Since leaving politics in 2006 after 13 years as premier, Alberta’s Ralph Klein has managed, difficult as it must have been, to keep a low profile. He fell into work as a business adviser at a major law firm, started teaching at Calgary’s Mount Royal College as the first “Ralph Klein Chair in Media Studies”—his debut lecture featured an admission he doesn’t read newspapers— and even produced a paper during three months at the Woodrow Wilson International Center for Scholars, in Washington. “I think he just gets a bit restless,” says University of Lethbridge political scientist Peter McCormick. “He’s too young just to go to sleep, he’s too old to start anything new.”
Which explains why Klein’s back, sort of. Recently, Saskatchewan radio host John Gormley asked him how he thinks his successor, Ed Stelmach, is doing. “Well, you know, I don’t comment publicly on the Stelmach government.” Then Klein went on to do just that, zeroing in on Stelmach’s rejigging of the dues paid by oil and gas companies. “The one thing that I wouldn’t have done is, I wouldn’t have touched the royalty program. Because that is the program that is decided between the government and industry and it has worked quite well. And with oil now being $100 a barrel, we have given definitely the advantage to Saskatchewan.” Klein’s point is not without merit. Thanks in part to higher royalties, Alberta this year may see as much as $2 billion less investment from oil and gas firms than in 2007, with much of that money going to B.C. and Saskatchewan instead.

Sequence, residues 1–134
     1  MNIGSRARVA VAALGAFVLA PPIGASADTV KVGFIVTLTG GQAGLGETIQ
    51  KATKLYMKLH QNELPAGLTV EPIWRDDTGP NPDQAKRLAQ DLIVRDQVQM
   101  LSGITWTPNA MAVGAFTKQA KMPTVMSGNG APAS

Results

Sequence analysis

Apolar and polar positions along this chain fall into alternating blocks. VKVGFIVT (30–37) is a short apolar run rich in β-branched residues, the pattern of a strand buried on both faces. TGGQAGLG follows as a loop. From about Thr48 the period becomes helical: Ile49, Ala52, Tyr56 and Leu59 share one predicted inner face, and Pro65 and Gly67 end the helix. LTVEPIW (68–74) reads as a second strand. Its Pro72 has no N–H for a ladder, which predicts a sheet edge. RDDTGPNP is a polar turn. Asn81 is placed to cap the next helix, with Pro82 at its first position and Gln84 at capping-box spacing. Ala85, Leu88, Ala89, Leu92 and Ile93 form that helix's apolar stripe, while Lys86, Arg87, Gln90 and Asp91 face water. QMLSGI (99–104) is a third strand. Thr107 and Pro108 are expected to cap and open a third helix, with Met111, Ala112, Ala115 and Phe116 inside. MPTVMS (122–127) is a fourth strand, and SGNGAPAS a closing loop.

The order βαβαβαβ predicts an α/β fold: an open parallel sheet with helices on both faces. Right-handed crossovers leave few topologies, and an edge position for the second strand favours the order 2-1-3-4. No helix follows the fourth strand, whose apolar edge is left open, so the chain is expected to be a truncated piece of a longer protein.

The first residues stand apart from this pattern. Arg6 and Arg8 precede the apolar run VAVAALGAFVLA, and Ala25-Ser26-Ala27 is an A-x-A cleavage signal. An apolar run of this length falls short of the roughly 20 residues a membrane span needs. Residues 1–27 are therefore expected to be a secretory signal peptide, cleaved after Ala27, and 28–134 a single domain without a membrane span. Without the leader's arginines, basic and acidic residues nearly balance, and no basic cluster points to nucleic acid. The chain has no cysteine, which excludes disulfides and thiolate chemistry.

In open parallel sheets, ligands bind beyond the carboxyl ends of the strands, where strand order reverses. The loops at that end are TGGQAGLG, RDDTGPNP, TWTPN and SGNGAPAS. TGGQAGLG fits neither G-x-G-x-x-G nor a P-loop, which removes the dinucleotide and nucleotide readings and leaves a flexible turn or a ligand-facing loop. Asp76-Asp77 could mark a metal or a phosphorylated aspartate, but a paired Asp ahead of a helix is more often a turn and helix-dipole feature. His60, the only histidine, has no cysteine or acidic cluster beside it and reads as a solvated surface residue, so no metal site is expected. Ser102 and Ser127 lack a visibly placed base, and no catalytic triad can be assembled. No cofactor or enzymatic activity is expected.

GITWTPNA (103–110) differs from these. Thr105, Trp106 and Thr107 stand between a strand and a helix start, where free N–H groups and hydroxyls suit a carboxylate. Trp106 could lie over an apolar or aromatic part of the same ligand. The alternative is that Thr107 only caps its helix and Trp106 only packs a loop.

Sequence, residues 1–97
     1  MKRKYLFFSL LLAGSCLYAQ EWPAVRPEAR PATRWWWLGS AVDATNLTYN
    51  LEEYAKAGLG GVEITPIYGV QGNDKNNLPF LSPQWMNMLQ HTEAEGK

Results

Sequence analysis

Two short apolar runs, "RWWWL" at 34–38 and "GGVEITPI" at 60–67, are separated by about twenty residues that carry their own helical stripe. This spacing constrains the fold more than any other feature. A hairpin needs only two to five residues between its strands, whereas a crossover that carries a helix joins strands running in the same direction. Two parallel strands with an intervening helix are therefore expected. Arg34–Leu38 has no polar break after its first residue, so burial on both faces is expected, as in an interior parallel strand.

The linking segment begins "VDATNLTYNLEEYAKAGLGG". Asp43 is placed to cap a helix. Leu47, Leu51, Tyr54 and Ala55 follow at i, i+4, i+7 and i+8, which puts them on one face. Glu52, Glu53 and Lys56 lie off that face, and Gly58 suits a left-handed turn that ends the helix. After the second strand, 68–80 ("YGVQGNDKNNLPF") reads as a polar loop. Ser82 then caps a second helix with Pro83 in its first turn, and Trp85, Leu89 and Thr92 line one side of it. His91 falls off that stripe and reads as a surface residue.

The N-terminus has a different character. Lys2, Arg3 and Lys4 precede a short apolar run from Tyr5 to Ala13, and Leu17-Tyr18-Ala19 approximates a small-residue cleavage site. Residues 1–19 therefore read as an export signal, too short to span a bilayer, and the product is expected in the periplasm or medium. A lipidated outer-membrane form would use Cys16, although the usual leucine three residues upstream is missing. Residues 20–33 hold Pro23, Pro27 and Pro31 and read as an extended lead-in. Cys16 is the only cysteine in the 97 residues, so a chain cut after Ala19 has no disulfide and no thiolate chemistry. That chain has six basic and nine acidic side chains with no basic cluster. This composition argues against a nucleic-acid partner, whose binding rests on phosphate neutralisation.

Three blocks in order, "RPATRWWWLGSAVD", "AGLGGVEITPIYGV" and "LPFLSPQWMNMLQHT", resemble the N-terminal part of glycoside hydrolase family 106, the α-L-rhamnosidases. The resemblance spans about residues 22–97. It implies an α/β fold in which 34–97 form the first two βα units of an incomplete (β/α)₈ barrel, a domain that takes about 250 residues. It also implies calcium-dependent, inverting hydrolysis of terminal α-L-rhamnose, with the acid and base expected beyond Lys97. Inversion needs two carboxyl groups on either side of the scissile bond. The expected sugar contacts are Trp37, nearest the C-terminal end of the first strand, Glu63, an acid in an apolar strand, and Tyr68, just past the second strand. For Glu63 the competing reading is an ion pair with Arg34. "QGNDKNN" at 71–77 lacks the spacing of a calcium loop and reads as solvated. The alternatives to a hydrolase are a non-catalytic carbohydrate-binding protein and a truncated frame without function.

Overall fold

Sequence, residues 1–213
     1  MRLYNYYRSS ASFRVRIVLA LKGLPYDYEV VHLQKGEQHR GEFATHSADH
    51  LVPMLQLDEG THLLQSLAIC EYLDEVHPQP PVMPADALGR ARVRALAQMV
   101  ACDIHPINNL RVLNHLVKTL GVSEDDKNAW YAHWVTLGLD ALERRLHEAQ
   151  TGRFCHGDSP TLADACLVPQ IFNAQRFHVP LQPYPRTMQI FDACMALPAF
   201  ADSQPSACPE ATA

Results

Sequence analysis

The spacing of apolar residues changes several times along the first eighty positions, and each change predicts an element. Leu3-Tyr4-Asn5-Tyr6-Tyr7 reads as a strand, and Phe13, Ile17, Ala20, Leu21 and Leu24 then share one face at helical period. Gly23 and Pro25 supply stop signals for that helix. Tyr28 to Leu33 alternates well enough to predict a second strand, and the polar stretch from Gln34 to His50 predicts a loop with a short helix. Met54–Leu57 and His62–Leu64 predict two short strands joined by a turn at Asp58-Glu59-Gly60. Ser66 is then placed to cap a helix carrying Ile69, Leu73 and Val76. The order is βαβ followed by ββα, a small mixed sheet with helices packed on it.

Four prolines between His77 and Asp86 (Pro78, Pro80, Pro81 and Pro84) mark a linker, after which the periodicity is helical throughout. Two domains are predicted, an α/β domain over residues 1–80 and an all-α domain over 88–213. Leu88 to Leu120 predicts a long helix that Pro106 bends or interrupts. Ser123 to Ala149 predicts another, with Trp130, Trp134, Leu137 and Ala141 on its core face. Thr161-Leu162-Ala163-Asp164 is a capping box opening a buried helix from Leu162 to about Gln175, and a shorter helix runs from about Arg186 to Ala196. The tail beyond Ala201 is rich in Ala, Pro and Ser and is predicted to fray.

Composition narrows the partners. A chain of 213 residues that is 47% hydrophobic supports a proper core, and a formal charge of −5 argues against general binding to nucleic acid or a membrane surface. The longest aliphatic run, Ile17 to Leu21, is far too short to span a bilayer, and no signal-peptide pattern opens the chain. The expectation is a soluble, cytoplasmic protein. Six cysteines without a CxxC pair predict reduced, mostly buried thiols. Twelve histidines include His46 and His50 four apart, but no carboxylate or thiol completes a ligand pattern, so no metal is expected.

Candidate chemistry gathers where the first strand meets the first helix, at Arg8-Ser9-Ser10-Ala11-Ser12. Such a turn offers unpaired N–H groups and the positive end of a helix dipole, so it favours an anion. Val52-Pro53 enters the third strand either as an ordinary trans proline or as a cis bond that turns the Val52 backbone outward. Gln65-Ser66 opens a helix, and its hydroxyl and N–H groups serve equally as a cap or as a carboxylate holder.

Not long ago, Klein revealed he’d supported Stelmach in his leadership bid, then cautioned, ;‘he will win the election... but I don’t know if his majority is as significant as it is now.” As King Ralph sees it, “Calgary and Edmonton are at risk—in fact, the whole city of Edmonton.” Stelmach must be regretting that Klein ever returned from Washington. M
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